Last Updated on January 23, 2022 by BVN
Michael R. Blood | AP
After a difficult first year in office, Vice President Kamala Harris enjoyed a homecoming of sorts Friday, taking a helicopter tour in Southern California mountains to highlight new funding for federal wildfire programs.
She was joined by Gov. Gavin Newsom and California Sen. Alex Padilla — both Harris’ friends and fellow Democrats — on a day when they inspected wildfire damage from the sky, visited a federal fire station where they heard about the increasing risk of destructive blazes and outlined new spending aimed at reducing the risk of wildfires and dealing with their aftermath.
She also announced $600 million in disaster relief funding for the U.S. Forest Service in California.
In brief remarks, the vice president hailed the work of firefighters and credited collaboration between governments “unencumbered by politics,” an apparent reference to past friction between heavily Democratic California and the Trump administration.
She said the government is “putting the resources where they are needed” in the battle against fires and climate change.
The day was not entirely without political drama. A sprinkle of protesters joined onlooking along the motorcade’s route to the fire station, where at the entrance a lone protester waved a U.S. flag and shouted a derogatory slogan about Biden.
Harris’ first year in office was framed by the pandemic, a fruitless battle over voting rights legislation and an immigration crisis at the border. The trip to her home state gave Harris a chance to revel in hearty applause. She and the Biden administration were praised repeatedly for their direction on wildfires and the climate.
U.S. Agriculture Secretary Tom Vilsack called her leadership “unmatched.”
Harris’ visit comes at a time when President Joe Biden’s approval rating is sliding, Democrats are at risk of losing control of the House and Senate in the 2022 midterm elections and Harris continues to struggle to define her role in the administration.
Her office highlighted recent legislation that provided $1 billion to create plans to help defend communities from wildfires. There also is $650 million for rehabilitation efforts for burned areas, and nearly $2.4 billion for hazardous fuels management.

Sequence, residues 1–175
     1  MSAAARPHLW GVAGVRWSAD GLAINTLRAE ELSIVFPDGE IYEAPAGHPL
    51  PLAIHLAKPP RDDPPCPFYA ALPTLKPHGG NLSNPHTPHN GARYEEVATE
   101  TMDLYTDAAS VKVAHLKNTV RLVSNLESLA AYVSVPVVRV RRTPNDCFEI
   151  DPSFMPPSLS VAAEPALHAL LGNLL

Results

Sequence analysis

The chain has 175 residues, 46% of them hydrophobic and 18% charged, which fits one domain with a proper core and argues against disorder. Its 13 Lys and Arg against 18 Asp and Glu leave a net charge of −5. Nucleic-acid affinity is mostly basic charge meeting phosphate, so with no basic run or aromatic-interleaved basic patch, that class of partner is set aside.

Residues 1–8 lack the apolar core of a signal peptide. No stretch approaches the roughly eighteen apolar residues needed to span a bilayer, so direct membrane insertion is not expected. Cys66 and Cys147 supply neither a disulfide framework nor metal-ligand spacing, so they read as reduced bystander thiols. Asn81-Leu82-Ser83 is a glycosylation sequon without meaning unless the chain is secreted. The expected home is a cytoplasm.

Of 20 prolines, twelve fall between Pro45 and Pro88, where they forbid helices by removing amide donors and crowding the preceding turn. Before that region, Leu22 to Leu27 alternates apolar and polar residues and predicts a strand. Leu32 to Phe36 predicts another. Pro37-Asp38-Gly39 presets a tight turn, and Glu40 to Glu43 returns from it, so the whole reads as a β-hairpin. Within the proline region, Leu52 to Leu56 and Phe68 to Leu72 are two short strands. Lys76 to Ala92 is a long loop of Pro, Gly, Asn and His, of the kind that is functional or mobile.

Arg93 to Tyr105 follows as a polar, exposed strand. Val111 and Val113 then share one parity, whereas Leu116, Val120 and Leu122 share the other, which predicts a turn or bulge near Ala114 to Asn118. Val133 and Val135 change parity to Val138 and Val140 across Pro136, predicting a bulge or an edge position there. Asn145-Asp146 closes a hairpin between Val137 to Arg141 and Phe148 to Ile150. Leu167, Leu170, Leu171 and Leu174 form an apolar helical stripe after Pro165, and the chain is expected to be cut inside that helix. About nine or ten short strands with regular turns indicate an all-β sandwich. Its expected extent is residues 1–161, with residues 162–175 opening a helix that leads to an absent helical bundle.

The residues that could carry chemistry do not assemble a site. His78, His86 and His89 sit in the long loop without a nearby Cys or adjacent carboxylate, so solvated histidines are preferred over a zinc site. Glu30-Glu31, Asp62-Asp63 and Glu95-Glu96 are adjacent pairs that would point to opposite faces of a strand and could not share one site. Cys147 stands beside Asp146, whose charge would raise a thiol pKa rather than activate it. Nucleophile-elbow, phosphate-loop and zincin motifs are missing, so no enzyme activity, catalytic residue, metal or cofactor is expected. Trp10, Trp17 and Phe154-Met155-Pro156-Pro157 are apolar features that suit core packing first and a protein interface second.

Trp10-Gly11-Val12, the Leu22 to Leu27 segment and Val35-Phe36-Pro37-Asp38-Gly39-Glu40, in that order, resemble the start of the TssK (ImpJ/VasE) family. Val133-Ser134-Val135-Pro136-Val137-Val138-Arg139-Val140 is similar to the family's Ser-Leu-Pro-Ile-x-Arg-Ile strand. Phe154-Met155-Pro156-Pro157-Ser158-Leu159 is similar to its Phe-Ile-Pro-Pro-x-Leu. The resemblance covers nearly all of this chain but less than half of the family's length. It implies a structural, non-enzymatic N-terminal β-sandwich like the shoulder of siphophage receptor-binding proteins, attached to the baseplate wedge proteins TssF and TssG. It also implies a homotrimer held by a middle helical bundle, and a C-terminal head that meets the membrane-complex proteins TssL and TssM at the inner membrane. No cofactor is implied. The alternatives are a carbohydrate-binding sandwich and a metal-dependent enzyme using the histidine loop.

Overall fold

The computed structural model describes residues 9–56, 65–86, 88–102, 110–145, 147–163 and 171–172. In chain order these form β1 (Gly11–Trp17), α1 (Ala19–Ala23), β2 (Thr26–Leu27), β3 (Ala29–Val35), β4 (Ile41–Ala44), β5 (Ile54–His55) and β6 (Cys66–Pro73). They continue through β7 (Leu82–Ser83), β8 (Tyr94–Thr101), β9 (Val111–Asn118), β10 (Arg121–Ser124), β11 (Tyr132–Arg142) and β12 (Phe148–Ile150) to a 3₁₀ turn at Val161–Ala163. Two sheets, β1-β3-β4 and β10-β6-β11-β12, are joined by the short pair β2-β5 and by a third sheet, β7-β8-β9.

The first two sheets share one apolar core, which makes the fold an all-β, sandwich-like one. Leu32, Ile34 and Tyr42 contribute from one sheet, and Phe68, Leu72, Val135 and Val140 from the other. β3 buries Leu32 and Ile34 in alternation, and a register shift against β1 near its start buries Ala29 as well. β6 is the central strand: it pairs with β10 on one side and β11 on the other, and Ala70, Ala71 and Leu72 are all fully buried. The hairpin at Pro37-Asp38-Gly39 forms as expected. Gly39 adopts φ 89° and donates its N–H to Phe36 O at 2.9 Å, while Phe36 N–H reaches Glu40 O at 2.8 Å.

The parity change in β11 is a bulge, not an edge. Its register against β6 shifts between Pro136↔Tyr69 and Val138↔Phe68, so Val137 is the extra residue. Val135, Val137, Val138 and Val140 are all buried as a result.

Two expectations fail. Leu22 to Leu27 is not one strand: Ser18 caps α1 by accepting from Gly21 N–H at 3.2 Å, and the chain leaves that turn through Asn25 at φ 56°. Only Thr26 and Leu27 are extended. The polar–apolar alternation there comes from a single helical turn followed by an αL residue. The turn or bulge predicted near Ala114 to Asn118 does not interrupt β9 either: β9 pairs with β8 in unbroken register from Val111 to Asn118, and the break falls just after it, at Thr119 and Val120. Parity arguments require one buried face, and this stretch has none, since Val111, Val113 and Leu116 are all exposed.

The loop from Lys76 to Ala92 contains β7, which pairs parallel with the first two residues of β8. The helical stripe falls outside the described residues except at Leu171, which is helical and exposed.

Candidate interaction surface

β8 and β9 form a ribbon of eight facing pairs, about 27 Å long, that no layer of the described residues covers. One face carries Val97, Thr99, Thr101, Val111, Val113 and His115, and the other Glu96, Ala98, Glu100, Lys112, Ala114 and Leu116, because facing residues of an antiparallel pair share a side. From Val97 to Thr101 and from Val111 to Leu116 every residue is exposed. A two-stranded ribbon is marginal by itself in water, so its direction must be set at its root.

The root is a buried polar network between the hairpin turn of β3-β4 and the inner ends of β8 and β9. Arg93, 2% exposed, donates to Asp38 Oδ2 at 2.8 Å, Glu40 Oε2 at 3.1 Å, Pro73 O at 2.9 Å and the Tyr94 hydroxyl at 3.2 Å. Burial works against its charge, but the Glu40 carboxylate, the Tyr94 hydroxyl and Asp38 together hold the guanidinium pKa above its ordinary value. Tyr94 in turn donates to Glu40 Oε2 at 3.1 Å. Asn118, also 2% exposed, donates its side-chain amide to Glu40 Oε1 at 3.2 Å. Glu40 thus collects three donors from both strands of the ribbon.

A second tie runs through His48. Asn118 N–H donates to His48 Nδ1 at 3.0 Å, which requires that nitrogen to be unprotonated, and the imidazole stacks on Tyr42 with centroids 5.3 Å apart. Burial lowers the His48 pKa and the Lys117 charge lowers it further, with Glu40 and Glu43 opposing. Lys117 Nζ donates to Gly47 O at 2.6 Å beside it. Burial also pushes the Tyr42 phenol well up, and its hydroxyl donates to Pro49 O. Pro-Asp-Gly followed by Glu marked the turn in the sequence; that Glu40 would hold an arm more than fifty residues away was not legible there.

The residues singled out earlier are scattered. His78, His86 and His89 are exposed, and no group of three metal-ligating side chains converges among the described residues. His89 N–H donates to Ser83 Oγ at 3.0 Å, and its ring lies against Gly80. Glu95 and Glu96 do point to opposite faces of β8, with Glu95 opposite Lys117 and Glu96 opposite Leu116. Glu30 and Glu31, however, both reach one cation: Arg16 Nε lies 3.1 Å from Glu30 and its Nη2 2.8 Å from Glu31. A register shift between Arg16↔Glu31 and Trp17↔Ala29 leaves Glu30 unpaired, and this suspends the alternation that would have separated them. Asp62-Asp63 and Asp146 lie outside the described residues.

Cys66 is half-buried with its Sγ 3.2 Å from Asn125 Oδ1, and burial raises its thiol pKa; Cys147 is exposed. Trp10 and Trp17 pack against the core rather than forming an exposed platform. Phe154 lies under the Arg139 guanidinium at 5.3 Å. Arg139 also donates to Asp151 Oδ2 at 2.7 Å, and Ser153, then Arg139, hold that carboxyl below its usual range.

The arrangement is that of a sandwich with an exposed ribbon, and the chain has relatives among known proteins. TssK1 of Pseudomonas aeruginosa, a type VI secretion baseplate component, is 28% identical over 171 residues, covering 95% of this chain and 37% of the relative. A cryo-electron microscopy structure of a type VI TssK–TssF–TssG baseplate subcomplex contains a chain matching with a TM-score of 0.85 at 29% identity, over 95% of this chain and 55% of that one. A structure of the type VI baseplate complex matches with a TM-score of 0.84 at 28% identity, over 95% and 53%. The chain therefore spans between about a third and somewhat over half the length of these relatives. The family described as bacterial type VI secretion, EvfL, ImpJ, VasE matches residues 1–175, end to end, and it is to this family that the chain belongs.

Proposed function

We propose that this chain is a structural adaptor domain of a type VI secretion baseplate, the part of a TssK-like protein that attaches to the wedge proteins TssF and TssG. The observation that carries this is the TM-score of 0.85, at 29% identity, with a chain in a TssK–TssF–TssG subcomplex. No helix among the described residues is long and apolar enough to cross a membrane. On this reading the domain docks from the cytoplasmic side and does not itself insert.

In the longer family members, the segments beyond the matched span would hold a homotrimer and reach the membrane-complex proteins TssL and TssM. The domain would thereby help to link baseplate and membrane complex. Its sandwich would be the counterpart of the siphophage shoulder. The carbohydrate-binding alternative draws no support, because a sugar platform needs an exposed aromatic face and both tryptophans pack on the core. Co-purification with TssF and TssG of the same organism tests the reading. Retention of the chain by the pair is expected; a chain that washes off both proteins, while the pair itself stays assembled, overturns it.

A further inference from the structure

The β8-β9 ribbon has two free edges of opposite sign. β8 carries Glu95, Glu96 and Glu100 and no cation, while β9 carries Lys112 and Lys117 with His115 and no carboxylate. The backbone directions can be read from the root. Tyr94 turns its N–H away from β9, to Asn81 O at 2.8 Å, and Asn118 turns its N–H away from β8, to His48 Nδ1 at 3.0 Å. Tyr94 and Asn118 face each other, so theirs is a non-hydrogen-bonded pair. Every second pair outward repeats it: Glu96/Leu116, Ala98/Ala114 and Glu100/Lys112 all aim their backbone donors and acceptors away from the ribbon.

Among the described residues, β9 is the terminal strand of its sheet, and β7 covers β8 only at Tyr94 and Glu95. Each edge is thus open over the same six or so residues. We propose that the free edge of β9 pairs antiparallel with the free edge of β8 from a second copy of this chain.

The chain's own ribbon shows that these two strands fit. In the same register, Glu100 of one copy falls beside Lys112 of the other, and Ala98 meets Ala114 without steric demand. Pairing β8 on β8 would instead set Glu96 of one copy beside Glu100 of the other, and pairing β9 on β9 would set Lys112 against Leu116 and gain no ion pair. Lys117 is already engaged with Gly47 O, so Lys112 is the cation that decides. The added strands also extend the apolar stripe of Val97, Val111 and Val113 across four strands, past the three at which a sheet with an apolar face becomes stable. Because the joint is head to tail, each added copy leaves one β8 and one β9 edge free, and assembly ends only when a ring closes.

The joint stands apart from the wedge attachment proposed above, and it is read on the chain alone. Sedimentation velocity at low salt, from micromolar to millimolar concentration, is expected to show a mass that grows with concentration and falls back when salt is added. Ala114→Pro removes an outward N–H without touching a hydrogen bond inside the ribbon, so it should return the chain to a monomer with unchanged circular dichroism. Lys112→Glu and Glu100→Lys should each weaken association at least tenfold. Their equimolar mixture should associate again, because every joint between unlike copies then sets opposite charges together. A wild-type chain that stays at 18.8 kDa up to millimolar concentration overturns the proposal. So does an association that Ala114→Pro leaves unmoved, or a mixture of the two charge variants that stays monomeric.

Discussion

Earlier this week, the Biden administration said it will expand efforts to fight wildfires by thinning forests around “hot spots” where nature and neighborhoods collide.
As climate change dries out the U.S. West, administration officials said they have crafted a $50 billion plan to more than double the use of controlled fires and logging to reduce trees and other vegetation that serves as tinder in the most at-risk areas. Only some of the work has funding so far.
Meanwhile, a bipartisan group of a dozen California lawmakers said they will push to add more than 1,100 new professional wildland firefighters amid the recent epic wildfire seasons, with a dwindling pool of inmates to help fight the blazes.
The state has had historic wildfire seasons in recent years, including last year when for the first time two massive fires crossed the rocky bastion of the Sierra Nevada, with one of them threatening tourist destinations along Lake Tahoe.
Of the 10 largest wildfires in the state’s recorded history, eight were within the last five years.
The fire sieges have firefighters who work for the state’s firefighting agency working as much as 40 days in a row, increasing burnout and mental health issues, said the lawmakers and the union representing wildland firefighters.